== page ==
Danny Davies, Super-yacht and Private Estate Chef from the UK, about his experiences out of this special chef segment.

Do you remember the day when you decided to become a chef?

I was 13 years old and I had been asked to help out the landlady of a local pub that my mum worked at on Sunday. Sunday was their busiest day doing around 50 to 60 traditional Sunday roast meals. At first, I washed the dishes and helped to serve the food. But as the weeks went on I learnt how to peel carrots and potatoes. After only a few months I was cooking the whole thing with very little help from the landlady. I really enjoyed it and felt part of a team. that was the main reason I became hook on cooking. When I was 15 I was offered a job across the street at a new seafood restaurant. I worked there as the second chef and dishwasher. I learnt so much and quickly became totally committed to becoming a chef. The head chef taught me how to order, stock-take and develop dishes and menus.

You visited the High Peak Catering Collage in Buxton UK. What was your most valuable personal and professional learning out of this time?

When I left school I knew I was going to be a chef and join the catering college with a good amount of knowledge. I really enjoy my time at catering college and grew as a chef with a deeper understanding of flavours and food. I did a modern cookery course which involved new techniques and covered the accounting side of running a kitchen. This proved to be so valuable to me as I now had the understanding of how a business made money and how to make sure a restaurant was profitable. After leaving college(2 years) I was offered a head chef apprenticeship at an Italian hotel that had an 80 seater restaurant. After 3 months I took over as head chef at the age of 18 years old. I ran a tight ship and we were very successful. I work 6 to 7 days a week and lived and breathed the lifestyle. I was young and thought I was the next Gordon Ramsey.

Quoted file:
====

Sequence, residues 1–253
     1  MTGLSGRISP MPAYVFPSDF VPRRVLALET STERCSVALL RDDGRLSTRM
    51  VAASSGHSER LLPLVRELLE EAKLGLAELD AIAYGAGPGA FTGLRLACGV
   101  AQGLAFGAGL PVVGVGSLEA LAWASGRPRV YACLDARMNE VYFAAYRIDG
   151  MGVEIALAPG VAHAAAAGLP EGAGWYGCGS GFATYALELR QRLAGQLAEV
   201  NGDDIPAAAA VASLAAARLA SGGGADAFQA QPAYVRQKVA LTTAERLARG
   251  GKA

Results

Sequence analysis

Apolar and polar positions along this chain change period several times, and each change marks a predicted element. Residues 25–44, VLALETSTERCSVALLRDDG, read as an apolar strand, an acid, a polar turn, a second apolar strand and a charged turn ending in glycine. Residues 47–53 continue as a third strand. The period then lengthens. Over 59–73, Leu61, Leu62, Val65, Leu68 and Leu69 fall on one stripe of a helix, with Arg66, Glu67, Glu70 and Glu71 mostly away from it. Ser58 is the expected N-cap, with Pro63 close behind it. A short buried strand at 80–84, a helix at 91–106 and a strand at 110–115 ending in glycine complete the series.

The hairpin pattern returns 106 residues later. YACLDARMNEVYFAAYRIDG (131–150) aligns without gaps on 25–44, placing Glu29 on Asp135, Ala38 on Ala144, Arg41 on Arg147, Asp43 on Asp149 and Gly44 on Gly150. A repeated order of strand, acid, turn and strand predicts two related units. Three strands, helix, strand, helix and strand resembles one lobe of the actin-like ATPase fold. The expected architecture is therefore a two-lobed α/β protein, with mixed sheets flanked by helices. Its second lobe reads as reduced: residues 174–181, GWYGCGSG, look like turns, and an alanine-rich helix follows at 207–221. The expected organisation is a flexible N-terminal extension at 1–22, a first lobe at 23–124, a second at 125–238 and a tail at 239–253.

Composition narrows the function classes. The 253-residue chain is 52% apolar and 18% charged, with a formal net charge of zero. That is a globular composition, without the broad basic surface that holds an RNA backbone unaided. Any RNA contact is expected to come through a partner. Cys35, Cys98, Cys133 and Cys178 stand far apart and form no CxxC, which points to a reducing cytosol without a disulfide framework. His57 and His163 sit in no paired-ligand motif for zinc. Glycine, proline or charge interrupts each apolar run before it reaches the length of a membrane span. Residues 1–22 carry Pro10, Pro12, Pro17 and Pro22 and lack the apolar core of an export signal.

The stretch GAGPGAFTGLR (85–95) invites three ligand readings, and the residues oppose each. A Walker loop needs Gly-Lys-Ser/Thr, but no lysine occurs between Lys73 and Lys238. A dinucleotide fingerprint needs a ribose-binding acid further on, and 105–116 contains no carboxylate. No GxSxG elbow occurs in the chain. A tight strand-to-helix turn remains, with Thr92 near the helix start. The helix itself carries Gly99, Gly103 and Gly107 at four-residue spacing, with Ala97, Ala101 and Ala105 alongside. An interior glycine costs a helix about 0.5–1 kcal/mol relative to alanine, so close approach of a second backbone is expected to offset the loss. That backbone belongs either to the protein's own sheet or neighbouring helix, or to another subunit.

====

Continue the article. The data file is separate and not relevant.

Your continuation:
Within this time you have been part of the Chef class 1-British Armed forces. Can you tell us something more about it?

I joined the Army at 19 years old after a year as the head chef of an Italian restaurant and hotel. I wanted to travel and see the world. My first posting was in Germany and I had to start again from the bottom up. I quickly adapted and was placed in the office mess cooking high-level fine dining food for offices of the regiment. I found that large events fun and loved the stress of producing huge amounts of food to a very high level my thing. I would volunteer for everything which allowed me to complete the following. Ski instructor, Arctic survival, Jungle survival, Miltary diver, Urban warfare, Marksman class 1, Snipper course, helicopter gunner and repel course, and complete a parachute course. I travelled far and wide including New Zealand, Northern Ireland, Iraq, Afganistan, Kosovo, Poland, Kuwait and Canada to mention a few. I finished my career in the Army as the chef to Prince Harry and William in Windsor.

As chef at the British Armed forces: did you have any space for creativity😊?

Being creative in the Amry was a necessity we would have limited time and resources and sometimes be dropped off in the middle of nowhere and just be given a time the soldiers would be arriving for food and you had to crack on and get something ready for them! Hot tea and bacon sandwiches was a winner. At the larger events and horse racing events, I was able to spread my wings with the food and really go to town with what I could cook.

From 2009 until 2014 you worked as Chef Lecturer at the k Collage, and from 2014-2016 as Executive Chef Lecturer at the Bromley College. Being a chef lecture is a great job and chance to young people encouraged for this great job. What have been your positive memories at this time?

I really enjoyed teaching. I had to go back to school myself and get a teaching degree which was hard work alongside teaching every day. I had classes of very mixed abilities from adult learners that wanted to know skilled techniques and molecular cookery such as sous vide and high-level pastry skills to learners with extra learning needs. I work closely with a specialist school for speech and language students. Which was one of the reasons I developed the future chef project videos, which I later used the same format for the London career college at Bromley college. Working with the students in their own student-run kitchens and restaurant was a great challenge, great fun and hard work. I hope I helped a few students become chefs. But I know I helped all my students get on in life better, Work Hard, Play Hard and Team Work Makes the Dream Work where always my catchphrases. I’m still in touch with a few students and I feel proud to see them grow as Chef and enjoy the industry as I did as a young Chef.